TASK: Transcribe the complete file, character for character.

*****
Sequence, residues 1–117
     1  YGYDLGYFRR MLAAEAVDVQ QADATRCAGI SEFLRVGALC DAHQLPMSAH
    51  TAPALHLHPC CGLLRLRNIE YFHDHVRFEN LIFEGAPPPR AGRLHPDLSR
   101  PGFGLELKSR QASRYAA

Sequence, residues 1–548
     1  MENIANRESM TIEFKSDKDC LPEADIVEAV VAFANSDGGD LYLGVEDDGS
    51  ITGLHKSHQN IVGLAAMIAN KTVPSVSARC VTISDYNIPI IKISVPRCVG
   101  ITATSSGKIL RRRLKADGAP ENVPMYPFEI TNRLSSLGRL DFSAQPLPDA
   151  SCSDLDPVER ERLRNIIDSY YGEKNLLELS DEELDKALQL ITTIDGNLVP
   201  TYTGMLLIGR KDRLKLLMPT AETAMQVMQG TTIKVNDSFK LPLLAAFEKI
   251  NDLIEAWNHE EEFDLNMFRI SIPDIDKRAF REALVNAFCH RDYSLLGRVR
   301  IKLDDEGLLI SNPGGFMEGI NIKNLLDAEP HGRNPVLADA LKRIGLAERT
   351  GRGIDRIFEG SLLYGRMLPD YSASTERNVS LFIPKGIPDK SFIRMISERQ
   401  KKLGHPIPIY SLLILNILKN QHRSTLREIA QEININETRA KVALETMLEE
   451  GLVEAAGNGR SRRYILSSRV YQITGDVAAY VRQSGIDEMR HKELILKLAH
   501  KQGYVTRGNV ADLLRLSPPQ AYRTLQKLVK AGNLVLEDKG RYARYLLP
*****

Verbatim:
Sequence, residues 1–117
     1  YGYDLGYFRR MLAAEAVDVQ QADATRCAGI SEFLRVGALC DAHQLPMSAH
    51  TAPALHLHPC CGLLRLRNIE YFHDHVRFEN LIFEGAPPPR AGRLHPDLSR
   101  PGFGLELKSR QASRYAA

Sequence, residues 1–548
     1  MENIANRESM TIEFKSDKDC LPEADIVEAV VAFANSDGGD LYLGVEDDGS
    51  ITGLHKSHQN IVGLAAMIAN KTVPSVSARC VTISDYNIPI IKISVPRCVG
   101  ITATSSGKIL RRRLKADGAP ENVPMYPFEI TNRLSSLGRL DFSAQPLPDA
   151  SCSDLDPVER ERLRNIIDSY YGEKNLLELS DEELDKALQL ITTIDGNLVP
   201  TYTGMLLIGR KDRLKLLMPT AETAMQVMQG TTIKVNDSFK LPLLAAFEKI
   251  NDLIEAWNHE EEFDLNMFRI SIPDIDKRAF REALVNAFCH RDYSLLGRVR
   301  IKLDDEGLLI SNPGGFMEGI NIKNLLDAEP HGRNPVLADA LKRIGLAERT
   351  GRGIDRIFEG SLLYGRMLPD YSASTERNVS LFIPKGIPDK SFIRMISERQ
   401  KKLGHPIPIY SLLILNILKN QHRSTLREIA QEININETRA KVALETMLEE
   451  GLVEAAGNGR SRRYILSSRV YQITGDVAAY VRQSGIDEMR HKELILKLAH
   501  KQGYVTRGNV ADLLRLSPPQ AYRTLQKLVK AGNLVLEDKG RYARYLLP